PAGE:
Back Issues
World's Finest
By Brad Dade
November 8, 2006 - 09:25

DC Comics
Writer(s): Dave Gibbons
Penciller(s): Steve Rude
Inker(s): Steve Rude
Cover Artist(s): Steve Rude

Back in the early 1990’s DC put out a 3 issue prestige format mini series starring Batman and Superman. Remember, back then Bats and Superman didn’t appear in several books together every month, therefore this was a special occasion. The plot has both Batman and Superman becoming involved with an orphanage the lies between Gotham City and Metropolis. The same orphanage gets the attention of two other infamous DC patrons, namely Lex Luthor and The Joker. Several “swaps” occur wherein Joker goes to Metropolis on vacation while Luthor travels to Gotham as part of an attempt to buy his way into taking over that city. Also, Superman travels to Gotham and, of course, Batman goes to Metropolis to illustrate the differences between both cities and their hometown heroes.


First, a word about the artwork. Steve Rude is at the top of his game here. You could remove all the dialogue here and still get your money’s worth just looking at the pictures. If fact, there are a lot of scenes that are wordless and allow the art to carry the story. What makes the art so great is Rude’s ability to convey a timeless feel to the story. While set in a contemporary setting, it could easily fit in any decade of comics history. The art is a mix of 1950’s Superman cartoon along with a tip to the 1990’s Batman the animated series without being too “kiddie”. Besides Bat and Supes, Rude does beautiful renditions of both heroes supporting cast. I was surprised that both cast fit into the story without feeling crowded. Special attention must be given to colorist Steve Oliff and inker Karl Kesel. While most of the time inkers and colorists are the forgotten part of the “creative team” these two help make the book stand out. Kesel’s dark inks make all the characters look elegant. Oliff’s coloring really brighten the pages and make even unimportant background characters stand out. Oliff would go on to win several Eisner awards for his work(most notably on the early Spawn issues).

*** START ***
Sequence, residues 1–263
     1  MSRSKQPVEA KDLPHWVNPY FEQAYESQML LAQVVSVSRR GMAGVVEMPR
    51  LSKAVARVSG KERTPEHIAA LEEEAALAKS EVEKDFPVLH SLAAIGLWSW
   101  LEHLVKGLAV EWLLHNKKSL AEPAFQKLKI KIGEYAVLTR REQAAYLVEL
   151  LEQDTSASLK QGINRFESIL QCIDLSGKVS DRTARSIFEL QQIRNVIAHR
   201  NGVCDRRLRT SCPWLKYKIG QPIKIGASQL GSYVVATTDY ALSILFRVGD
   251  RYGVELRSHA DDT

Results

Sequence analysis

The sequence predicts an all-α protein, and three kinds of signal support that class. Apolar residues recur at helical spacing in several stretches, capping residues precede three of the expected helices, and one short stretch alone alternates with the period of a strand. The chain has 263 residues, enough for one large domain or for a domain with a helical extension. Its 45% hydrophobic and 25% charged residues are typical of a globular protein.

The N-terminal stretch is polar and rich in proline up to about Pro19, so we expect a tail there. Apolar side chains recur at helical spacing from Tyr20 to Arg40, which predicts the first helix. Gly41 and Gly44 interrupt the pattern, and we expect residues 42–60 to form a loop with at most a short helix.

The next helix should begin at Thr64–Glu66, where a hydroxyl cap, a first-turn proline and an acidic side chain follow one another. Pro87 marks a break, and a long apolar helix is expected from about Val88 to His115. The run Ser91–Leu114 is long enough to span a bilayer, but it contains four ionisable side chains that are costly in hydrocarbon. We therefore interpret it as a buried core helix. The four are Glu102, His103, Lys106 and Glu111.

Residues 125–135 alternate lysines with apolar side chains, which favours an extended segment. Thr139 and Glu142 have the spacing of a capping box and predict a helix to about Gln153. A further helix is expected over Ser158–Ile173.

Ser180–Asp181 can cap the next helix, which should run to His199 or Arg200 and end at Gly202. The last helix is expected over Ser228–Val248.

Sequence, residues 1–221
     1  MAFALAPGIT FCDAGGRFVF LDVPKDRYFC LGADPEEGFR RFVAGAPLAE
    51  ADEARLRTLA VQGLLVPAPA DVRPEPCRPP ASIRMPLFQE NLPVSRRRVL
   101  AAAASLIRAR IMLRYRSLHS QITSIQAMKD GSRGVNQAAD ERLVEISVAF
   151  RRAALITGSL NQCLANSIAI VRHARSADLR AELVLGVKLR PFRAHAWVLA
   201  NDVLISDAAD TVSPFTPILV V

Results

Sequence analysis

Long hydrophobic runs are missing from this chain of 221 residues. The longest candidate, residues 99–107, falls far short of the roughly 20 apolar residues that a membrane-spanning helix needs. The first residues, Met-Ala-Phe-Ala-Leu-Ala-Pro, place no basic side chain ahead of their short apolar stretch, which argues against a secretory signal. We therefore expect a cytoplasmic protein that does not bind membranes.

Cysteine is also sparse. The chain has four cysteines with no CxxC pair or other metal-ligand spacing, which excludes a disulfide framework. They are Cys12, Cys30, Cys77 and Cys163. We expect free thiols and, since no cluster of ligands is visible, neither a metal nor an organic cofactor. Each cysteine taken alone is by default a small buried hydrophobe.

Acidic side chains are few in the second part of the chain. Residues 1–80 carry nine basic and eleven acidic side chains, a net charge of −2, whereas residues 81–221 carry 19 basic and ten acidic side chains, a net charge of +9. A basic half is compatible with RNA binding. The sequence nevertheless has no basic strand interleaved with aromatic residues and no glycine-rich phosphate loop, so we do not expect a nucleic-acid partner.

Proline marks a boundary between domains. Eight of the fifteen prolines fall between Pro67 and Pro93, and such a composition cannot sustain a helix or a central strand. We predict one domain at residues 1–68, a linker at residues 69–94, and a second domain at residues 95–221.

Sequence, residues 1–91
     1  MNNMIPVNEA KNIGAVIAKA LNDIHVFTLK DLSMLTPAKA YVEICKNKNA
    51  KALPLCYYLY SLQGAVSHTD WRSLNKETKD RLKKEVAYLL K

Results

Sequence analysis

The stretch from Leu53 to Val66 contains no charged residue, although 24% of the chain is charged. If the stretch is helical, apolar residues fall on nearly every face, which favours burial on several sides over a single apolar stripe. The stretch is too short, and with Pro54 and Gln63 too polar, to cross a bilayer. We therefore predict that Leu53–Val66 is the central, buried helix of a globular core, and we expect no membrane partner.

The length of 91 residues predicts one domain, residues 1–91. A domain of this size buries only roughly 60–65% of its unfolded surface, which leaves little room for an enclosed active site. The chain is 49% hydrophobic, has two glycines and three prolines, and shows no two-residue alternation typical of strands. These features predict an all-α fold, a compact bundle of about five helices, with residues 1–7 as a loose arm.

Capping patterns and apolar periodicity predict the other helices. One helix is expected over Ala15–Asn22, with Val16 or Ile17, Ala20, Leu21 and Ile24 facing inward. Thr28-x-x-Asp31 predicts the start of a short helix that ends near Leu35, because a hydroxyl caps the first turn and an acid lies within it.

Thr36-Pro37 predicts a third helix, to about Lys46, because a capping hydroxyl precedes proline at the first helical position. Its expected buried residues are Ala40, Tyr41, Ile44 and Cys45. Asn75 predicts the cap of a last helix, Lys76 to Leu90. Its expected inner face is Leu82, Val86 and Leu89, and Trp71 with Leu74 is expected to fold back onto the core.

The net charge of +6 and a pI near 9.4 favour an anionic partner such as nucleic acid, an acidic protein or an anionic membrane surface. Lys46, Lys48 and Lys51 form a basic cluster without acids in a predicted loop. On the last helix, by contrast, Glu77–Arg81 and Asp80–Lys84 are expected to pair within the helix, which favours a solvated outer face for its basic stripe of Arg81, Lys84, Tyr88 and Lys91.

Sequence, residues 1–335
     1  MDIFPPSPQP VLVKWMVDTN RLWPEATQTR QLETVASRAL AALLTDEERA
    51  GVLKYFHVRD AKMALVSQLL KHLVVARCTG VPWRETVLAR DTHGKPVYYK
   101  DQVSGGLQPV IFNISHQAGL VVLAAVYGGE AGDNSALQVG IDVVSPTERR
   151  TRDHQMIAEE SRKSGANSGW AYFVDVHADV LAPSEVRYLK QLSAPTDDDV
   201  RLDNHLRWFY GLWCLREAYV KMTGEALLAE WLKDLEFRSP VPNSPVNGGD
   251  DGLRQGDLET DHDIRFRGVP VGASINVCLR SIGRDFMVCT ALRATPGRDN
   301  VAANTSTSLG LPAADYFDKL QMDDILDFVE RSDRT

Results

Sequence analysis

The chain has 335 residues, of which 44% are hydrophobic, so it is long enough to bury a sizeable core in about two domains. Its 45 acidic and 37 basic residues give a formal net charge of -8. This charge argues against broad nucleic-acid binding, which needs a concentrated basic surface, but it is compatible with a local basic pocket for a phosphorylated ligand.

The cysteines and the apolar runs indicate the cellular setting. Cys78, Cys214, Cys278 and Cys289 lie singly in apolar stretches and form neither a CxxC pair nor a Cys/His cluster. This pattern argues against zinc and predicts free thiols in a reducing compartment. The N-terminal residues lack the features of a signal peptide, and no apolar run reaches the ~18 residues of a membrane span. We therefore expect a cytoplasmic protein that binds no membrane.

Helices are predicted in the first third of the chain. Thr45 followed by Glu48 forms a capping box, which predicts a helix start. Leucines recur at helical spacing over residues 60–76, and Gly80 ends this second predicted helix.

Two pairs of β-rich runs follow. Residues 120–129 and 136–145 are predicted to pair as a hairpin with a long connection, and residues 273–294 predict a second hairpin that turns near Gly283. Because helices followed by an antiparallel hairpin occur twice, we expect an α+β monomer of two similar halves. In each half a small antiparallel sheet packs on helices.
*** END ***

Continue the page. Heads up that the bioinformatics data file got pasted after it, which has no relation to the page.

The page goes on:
Dave Gibbons story does a nice job of juggling several settings and plotlines, often on the same page. Each character has their own voice here without it feeling forced. Whether it’s Lois telling Alfred he doesn’t have to serve drinks, or the Joker negotiating building prices with Luthor, each character is given their own moment. The plot is fun but by no means a deep thinking piece of literature. The plot is merely a tool to move the various characters out of their familiar settings.


Some might be a little confused by the depiction of the Joker in this story. This is not the “Hannibal Lector” Joker that has dominated for the last 15 or so years. While a criminal and clearly insane, he is free on a technicality that is never explained, and even owns property in Gotham city. In some ways, especially when first meeting with Luthor, the Joker almost is more like a crime boss than super villain. There is a more 1950’ feel to the Joker here. While I liked it, some might not appreciate it.


Looking back at this series I’m surprised it never got more attention from fans. The fun story along with fantastic artwork really deserve it. If you want a brake from grim and gritty comics, crisis’s and civil wars, with is a great diversion.

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